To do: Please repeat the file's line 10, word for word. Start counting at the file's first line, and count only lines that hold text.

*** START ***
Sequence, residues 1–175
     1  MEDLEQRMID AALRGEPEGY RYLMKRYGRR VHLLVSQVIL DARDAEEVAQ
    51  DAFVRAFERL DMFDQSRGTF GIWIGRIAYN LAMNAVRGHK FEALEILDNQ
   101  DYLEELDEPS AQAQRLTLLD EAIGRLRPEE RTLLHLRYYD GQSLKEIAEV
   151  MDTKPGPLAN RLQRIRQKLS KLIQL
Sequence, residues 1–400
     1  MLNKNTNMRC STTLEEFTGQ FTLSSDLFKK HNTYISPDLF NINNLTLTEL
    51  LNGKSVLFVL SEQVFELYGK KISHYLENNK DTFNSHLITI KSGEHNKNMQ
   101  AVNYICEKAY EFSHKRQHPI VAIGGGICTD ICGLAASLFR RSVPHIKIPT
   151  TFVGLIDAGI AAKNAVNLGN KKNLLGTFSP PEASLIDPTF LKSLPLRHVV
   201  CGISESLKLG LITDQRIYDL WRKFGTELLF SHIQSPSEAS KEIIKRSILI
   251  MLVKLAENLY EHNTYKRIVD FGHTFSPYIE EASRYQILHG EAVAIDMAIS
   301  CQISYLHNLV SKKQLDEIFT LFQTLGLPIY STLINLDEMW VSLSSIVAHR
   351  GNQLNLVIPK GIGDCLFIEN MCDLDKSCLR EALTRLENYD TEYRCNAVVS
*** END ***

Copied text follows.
   151  TFVGLIDAGI AAKNAVNLGN KKNLLGTFSP PEASLIDPTF LKSLPLRHVV